The Effective Health Care Program of the Agency for Healthcare Research and Quality, or AHRQ, recently posted summary guides for clinicians and consumers that discuss the treatment of high cholesterol and medications to reduce the risk of primary breast cancer in women.
Treating Cholesterol With Combination Therapy: Clinician's Guide(effectivehealthcare.ahrq.gov) summarizes the current clinical evidence on using combinations of lipid-lowering medications to treat high cholesterol. It was developed by AHRQ's John M. Eisenberg Center for Clinical Decisions and Communication Sciences at Oregon Health & Science University in Portland based on a systematic evidence review conducted by the University of Ottawa Evidence-based Practice Center in Ontario, Canada.
The guide is intended to help physicians prescribe appropriate cholesterol-lowering treatments to patients who have not reached their cholesterol goal on lower doses of statins. It covers the major classes of lipid-lowering medications, but it doesn't discuss dietary and lifestyle changes.
The systematic review on which the guide is based compared the following medication combinations with statin monotherapy:
- a statin plus a bile acid sequestrant;
- a statin plus ezetimibe, which is marketed as Zetia;
- a statin plus a fibrate;
- a statin plus niacin; and
- a statin plus omega-3 fatty acids.
Although the review examined more than 100 studies, various characteristics of those studies made it difficult to draw firm conclusions. The "Clinical Bottom Line" section of the guide lists the following findings:
- The evidence is insufficient to conclude that combination therapy leads to lower rates of clinical events and death (all-cause mortality and vascular death) than statin monotherapy. In these studies, clinical events included myocardial infarctions, strokes and the need for invasive vascular procedures.
- The evidence is insufficient to assess whether any combination regimen provides greater reduction in LDL cholesterol than statin monotherapy. Evidence is also insufficient for other intermediate outcomes, including total cholesterol, HDL cholesterol, and coronary artery and carotid intima thickening.
- The evidence is insufficient to draw conclusions about the rates of adverse events of combination therapy compared with statin monotherapy. The adverse events assessed in these studies included elevation of liver enzymes, myalgia, rhabdomyolysis and cancer.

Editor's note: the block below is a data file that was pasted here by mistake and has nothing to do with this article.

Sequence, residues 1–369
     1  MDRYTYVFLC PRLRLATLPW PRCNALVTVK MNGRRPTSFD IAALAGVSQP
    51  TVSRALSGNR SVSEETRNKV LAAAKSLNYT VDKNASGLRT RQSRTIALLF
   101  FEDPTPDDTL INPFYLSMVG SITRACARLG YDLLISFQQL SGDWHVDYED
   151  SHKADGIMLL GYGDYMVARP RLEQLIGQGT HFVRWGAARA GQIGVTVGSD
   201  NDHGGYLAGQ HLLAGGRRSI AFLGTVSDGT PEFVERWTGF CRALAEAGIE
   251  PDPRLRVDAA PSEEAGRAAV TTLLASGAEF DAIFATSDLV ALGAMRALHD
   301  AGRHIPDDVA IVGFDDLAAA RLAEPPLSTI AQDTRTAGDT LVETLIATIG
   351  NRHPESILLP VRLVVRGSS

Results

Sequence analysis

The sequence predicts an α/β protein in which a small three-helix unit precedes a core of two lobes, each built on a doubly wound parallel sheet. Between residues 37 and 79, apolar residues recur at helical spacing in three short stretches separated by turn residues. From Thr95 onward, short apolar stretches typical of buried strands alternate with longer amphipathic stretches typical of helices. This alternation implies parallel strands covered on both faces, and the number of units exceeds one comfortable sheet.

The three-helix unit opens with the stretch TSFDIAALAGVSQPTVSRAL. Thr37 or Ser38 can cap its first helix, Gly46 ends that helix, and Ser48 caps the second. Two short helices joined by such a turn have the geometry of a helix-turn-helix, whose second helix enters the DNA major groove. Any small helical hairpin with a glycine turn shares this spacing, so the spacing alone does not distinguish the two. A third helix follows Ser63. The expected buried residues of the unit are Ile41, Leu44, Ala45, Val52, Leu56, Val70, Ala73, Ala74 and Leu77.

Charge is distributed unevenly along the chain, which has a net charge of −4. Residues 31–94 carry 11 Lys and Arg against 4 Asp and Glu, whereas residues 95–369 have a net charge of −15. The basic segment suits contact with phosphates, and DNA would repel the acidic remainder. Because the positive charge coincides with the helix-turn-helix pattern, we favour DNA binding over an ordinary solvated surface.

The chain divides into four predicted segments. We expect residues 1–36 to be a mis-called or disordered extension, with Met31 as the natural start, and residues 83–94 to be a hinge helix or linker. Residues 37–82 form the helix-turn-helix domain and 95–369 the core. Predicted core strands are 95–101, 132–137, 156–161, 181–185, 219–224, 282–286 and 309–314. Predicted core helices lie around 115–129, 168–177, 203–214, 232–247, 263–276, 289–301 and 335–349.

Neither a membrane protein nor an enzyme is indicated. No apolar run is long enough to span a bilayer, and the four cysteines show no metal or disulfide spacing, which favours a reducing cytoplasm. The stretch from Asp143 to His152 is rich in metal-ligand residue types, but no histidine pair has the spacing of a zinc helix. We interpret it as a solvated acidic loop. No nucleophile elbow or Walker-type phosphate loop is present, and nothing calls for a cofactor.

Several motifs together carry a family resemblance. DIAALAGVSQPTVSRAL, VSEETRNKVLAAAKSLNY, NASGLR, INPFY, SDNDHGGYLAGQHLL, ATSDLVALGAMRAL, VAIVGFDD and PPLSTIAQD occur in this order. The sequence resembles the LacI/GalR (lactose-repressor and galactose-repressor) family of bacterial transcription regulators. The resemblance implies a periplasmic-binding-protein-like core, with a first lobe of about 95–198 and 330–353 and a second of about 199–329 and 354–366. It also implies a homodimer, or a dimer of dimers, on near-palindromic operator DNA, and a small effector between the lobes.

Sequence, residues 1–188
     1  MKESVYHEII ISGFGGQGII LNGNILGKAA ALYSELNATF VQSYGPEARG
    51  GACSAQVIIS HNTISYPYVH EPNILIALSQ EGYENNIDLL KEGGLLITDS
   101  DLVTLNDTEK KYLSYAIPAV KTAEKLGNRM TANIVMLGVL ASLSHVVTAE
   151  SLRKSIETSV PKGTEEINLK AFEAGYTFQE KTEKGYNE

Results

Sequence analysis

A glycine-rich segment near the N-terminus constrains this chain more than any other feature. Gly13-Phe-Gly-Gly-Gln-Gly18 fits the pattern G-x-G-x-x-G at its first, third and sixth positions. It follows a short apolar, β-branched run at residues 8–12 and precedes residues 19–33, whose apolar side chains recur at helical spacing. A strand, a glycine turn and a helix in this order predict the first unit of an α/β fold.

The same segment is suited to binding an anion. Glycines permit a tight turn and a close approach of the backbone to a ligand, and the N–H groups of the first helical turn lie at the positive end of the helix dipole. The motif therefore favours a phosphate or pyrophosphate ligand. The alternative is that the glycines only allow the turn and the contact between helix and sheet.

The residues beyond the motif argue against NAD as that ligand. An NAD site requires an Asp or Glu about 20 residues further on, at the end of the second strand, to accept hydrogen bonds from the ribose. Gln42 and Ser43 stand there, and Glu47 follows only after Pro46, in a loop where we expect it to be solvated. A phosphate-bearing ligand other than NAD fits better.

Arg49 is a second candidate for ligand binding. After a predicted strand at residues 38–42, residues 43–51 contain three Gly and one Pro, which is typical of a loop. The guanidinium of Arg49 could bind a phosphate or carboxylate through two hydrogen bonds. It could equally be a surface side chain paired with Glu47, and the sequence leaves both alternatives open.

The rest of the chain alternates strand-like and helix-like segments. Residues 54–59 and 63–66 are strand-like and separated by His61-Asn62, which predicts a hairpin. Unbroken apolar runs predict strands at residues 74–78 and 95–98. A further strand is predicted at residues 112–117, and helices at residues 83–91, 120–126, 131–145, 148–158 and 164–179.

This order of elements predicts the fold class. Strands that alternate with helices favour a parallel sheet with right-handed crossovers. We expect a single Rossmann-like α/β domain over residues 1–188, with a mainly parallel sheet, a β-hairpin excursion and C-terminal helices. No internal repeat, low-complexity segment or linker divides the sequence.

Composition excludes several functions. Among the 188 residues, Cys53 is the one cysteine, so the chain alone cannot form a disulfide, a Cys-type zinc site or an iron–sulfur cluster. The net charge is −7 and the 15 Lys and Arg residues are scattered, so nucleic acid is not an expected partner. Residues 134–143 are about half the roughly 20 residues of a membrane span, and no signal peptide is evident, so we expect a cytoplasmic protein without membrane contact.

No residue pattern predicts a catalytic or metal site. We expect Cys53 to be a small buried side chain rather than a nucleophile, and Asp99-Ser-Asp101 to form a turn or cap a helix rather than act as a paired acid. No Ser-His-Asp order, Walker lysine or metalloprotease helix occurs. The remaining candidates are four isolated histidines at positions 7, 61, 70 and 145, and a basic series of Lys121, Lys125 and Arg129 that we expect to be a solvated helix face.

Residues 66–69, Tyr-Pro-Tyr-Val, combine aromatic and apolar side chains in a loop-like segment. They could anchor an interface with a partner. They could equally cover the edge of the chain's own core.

Medications to Reduce the Risk of Primary Breast Cancer in Women: Clinician's Guide(effectivehealthcare.ahrq.gov), which also was produced by the Eisenberg Center at Oregon Health & Science University, is based on a systematic review conducted by the Oregon Evidence-based Practice Center. The guide summarizes the safety and effectiveness profiles of two medications -- tamoxifen and raloxifene -- that are approved for the prevention of primary breast cancer.
According to the guide, tamoxifen, which is marketed as Nolvadex, is widely used to treat early and advanced hormone-receptor positive breast cancer; raloxifene, which is marketed as Evista, is used primarily to treat osteoporosis. Although both medications are approved by the FDA to reduce the risk of primary breast cancer, they are rarely used for this purpose in the United States.
Regarding the effectiveness of tamoxifen and raloxifene for this use, the guide offers the following findings:
- Tamoxifen and raloxifene are both effective at reducing the risk of primary invasive breast cancer in women ages 35-70.
- Raloxifene and tamoxifen reduce the likelihood of a woman developing breast cancer by a similar amount.
Neither drug, however, was found to reduce all-cause mortality, according to the guide. Moreover, both raloxifene and tamoxifen increased the risk of thromboembolic events, and tamoxifen increased the risk of endometrial cancer.
The clinician summary guides and their consumer counterparts -- Treating High Cholesterol: A Guide for Adults(effectivehealthcare.ahrq.gov) and Reducing the Risk of Breast Cancer With Medicine: A Guide for Women(effectivehealthcare.ahrq.gov) -- are available online and in print.
Free print copies can be obtained by calling the AHRQ Publications Clearinghouse at (800) 358-9295. Reference AHRQ publication No. 09(10)-EHC024-3 for the clinician's guide on treating high cholesterol and publication No. 09(10)-EHC023-3 for the clinician's guide on preventing breast cancer. Print copies of the consumer guide on cholesterol therapy can be ordered using publication No. 09(10)-EHC024-A; the breast cancer prevention guide for women is available as publication No. 09(10)-EHC028-A.